As soon as he heard that the army had seized power on Feb 1, Myanmar entrepreneur Samuel, who owns a construction material company with 10 employees, rushed to Yangon bank to withdraw most of the money in his business account and convert the kyats to US dollars.
“I never trust the military. We took the risk,” the 36-year-old said. “We actually lost some money because of the currency exchange policy set by the bank. But that’s OK. It’s better to keep the USD.”
The move proved prescient. Over two months into the crisis, business activity has plummeted and many of his counterparts are struggling with severe cash shortages.
Myanmar’s purchasing managers index (PMI) last month fell to a record low 27.5, according to business information provider IHS Markit.
Fitch Solutions is projecting a “conservative” 20 per cent contraction for the 2020-21 financial year. “There is no worst-case scenario on the economy which we can rule out,” it said.
The World Bank forecasts Myanmar’s GDP to contract 10 per cent this year, while the UN World Food Programme on Thursday (April 22) warned that food insecurity is rising sharply in the country in the wake of the coup and the Covid-19 pandemic.
It said up to 3.4 million people will struggle to afford food in the next six months as job losses mount in the manufacturing, construction and services industries.
The military junta, whose attempt to move about US$1 billion held at the Federal Reserve Bank of New York was reportedly blocked by the US government, has frozen withdrawals from US dollar accounts without conversion into local currency at an exchange rate stipulated by the Central Bank of Myanmar.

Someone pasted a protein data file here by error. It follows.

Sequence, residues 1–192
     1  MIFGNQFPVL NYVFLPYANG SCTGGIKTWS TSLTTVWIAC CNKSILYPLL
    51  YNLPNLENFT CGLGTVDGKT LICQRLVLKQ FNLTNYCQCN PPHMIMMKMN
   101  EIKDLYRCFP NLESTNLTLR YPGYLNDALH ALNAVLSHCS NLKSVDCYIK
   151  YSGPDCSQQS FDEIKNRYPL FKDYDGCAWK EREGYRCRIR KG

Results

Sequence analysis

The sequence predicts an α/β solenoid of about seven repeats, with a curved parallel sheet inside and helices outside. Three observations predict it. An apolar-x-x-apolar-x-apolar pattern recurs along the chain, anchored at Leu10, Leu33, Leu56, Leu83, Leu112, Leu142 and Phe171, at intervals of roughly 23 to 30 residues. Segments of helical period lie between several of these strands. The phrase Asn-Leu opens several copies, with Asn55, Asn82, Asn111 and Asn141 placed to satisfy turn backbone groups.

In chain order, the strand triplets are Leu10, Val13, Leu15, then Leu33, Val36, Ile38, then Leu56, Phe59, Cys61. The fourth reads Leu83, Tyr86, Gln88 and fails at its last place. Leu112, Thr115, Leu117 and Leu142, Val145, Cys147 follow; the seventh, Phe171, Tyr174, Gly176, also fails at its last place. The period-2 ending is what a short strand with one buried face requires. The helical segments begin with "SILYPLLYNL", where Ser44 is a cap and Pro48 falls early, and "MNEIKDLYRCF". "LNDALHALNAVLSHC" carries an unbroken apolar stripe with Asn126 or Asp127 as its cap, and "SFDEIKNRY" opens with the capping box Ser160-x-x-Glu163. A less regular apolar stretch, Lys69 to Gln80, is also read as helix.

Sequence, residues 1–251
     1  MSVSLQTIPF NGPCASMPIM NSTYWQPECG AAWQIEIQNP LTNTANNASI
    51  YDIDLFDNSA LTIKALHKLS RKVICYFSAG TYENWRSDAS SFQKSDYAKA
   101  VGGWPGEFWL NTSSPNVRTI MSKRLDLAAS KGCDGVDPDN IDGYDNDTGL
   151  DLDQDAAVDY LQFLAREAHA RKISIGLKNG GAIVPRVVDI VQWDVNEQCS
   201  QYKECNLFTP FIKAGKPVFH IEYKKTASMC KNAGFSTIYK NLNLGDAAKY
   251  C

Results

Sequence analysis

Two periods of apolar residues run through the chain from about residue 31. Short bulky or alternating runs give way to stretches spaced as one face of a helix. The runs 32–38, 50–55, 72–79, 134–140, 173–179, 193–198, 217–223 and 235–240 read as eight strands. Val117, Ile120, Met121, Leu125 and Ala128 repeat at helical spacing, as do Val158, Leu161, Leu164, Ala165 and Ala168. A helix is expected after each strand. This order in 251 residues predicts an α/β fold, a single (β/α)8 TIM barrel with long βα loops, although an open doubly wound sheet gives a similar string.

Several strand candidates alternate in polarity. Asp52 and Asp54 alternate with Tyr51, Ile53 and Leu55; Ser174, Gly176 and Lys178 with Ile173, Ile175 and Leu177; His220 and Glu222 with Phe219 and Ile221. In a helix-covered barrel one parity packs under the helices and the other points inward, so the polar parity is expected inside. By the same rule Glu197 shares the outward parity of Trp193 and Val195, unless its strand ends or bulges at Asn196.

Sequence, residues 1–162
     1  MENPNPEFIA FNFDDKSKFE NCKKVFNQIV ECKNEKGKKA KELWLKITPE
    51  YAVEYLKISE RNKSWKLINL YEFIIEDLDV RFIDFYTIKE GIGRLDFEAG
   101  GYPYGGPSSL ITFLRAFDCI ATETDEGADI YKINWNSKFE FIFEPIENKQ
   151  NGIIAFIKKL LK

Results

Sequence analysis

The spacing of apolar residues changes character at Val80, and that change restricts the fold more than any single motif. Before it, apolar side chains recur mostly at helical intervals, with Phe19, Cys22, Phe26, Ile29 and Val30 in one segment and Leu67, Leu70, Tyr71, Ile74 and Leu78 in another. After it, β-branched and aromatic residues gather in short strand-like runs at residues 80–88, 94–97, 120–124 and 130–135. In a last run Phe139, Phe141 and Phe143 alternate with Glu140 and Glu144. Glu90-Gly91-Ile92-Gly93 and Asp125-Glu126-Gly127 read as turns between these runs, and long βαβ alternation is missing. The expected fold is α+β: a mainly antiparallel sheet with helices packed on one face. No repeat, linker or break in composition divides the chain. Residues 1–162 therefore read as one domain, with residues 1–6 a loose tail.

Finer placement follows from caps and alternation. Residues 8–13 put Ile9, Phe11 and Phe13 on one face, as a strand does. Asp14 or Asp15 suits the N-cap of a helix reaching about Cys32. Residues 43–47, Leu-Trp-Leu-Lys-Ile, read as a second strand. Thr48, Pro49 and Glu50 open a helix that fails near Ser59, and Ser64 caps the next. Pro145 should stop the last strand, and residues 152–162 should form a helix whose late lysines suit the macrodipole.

The official rate is much lower than the market rate, which went from about 1,350 kyat to the US dollar before the coup to 1,600.
Local banks have pegged daily ATM withdrawals at 200,000 to 300,000 kyats (around S$189 to $282.66), while counter services are only available for those who manage to secure one of the 20 – 50 tokens per day handed out by each branch.
Cash withdrawals through mobile payment or informal financial service providers are charged service fees ranging from 1.5 to 10 per cent.
“[The Myanmar kyat] depreciated a lot, and so people are scared and taking out money,” said Nectar Aung, a founder of a small tech enterprise which works to enhance the computer skills of Myanmar’s youth.
“Corporations are only allowed to withdraw around US$15,000 (S$20,000) per week. The amount is very little for bigger companies.”
The co-owner of a parcel delivery company, who preferred to remain anonymous, said they sometimes had to use hundi payment, or informal banking services. “We pay cash to someone in Yangon, and their proxy will give money to our payee in Mandalay. We have to rely on trust.”
Most people in Myanmar are also struggling to access the internet.
In the first week after the coup, the army blocked Facebook, Twitter and Instagram, and this later extended to other apps and sites such as Wikipedia.
The junta has routinely shut down the internet between 1am and 9am since Feb 15, and entirely cut off mobile data – the way most Myanmar citizens access the internet – from mid-March and wireless broadband from early April.
Internet entrepreneur Honey has been unable to access the cloud server of her corporate website, a prominent platform dedicated to connecting employers and jobseekers, since the internet firewall blocked Amazon Web Services (AWS) in February.
Only users from specific IP addresses in Myanmar were allowed to access the server as part of corporate security measures.